When is the rule, "the customer is always right," wrong?


When is the rule, "the customer is always right," wrong?
As long as I can remember, we have been told:

Rule #1 The customer is ALWAYS right.

Rule #2 If the customer is ever WRONG re-read Rule #1.

While the customer is undoubtedly important and their satisfaction is and should be a top priority, there are instances where blindly following this rule, is just plain stupid.

Far too many companies live and die by those dreaded C.S.I. scores, and the problem is, customers know it.

Bonuses are based on them, raises are based on them, heck for some even their jobs themselves could be on the line.

Does this seem right to you?

What if the customer is making unreasonable or unethical demands? They threaten to give you “one star” if you don’t give them what they want. These requests or demands go far beyond what would be considered reasonable or ethical.

In times like these, businesses need to stand their ground and make decisions that align with their values and principles.

What happens when clients abuse and mistreat employees?
No one should be talked to in an abusive or disrespectful manner.

If this happens, a leader needs to step in and address the bad behavior.

What if the client expectations just can’t be met? Face it, there are times when what the client “expects” is unrealistic for a variety of reasons. There might be budget constraints, technology limitations, or other factors beyond a business's control.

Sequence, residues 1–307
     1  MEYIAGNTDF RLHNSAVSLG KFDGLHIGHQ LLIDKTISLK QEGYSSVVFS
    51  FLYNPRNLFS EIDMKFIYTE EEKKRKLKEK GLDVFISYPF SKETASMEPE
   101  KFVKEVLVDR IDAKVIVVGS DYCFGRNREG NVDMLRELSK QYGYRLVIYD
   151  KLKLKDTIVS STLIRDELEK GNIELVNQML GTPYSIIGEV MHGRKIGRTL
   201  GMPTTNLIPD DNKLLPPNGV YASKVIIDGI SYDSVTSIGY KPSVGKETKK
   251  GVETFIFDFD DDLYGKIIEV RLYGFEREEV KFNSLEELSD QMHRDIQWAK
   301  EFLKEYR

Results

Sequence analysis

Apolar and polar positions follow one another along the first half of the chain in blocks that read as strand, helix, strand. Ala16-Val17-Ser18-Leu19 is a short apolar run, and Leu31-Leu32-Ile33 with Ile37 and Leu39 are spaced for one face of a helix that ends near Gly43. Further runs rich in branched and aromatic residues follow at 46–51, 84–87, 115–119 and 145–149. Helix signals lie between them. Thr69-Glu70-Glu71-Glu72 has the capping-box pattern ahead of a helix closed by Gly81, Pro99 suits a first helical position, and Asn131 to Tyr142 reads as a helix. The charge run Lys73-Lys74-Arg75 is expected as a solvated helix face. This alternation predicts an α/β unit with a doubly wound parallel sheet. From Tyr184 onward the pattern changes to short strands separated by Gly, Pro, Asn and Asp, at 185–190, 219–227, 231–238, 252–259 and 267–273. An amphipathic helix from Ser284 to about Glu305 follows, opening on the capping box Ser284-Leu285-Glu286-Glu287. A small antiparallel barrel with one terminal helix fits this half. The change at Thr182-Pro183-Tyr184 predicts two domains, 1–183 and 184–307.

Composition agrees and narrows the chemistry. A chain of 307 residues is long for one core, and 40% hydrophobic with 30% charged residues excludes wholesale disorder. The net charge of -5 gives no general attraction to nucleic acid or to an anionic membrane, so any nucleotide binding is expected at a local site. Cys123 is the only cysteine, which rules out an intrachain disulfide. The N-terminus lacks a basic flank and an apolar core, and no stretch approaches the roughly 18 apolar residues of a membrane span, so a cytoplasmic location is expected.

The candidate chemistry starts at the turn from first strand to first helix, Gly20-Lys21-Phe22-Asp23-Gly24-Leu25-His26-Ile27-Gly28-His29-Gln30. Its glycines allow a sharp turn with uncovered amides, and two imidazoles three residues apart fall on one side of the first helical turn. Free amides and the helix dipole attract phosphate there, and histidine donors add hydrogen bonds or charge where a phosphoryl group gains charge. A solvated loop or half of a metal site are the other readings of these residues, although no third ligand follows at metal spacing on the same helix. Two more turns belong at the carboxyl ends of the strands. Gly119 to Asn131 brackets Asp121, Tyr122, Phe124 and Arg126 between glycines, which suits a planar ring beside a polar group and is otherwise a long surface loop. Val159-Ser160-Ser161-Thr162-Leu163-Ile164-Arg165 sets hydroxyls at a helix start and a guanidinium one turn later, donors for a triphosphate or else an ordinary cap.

When leadership communicates openly with customers about these limitations, they can then focus on finding alternative solutions that can help manage the expectations more effectively.

What happens if “what you do for one” negatively impacts another? While we strive to satisfy our customers, we need to think about the impact their demands may have on other customers. Balancing the needs and expectations of all customers is key to maintaining a harmonious and fair environment.

What if the monetary effect of their demands are detrimental to the financials? Leaders have to evaluate the long-term profitability of “satisfaction decisions.” Sometimes, accommodating every request could lead to unsustainable costs. Leadership should budget for “client issues” and do everything to stay within the budget.

While the customer's happiness and satisfaction are important, the rule "the customer is always right" should be challenged in certain circumstances.

Remember that building strong, lasting relationships with customers is about finding a win-win situation where both parties benefit. 

Go and make a difference in someone’s life today!

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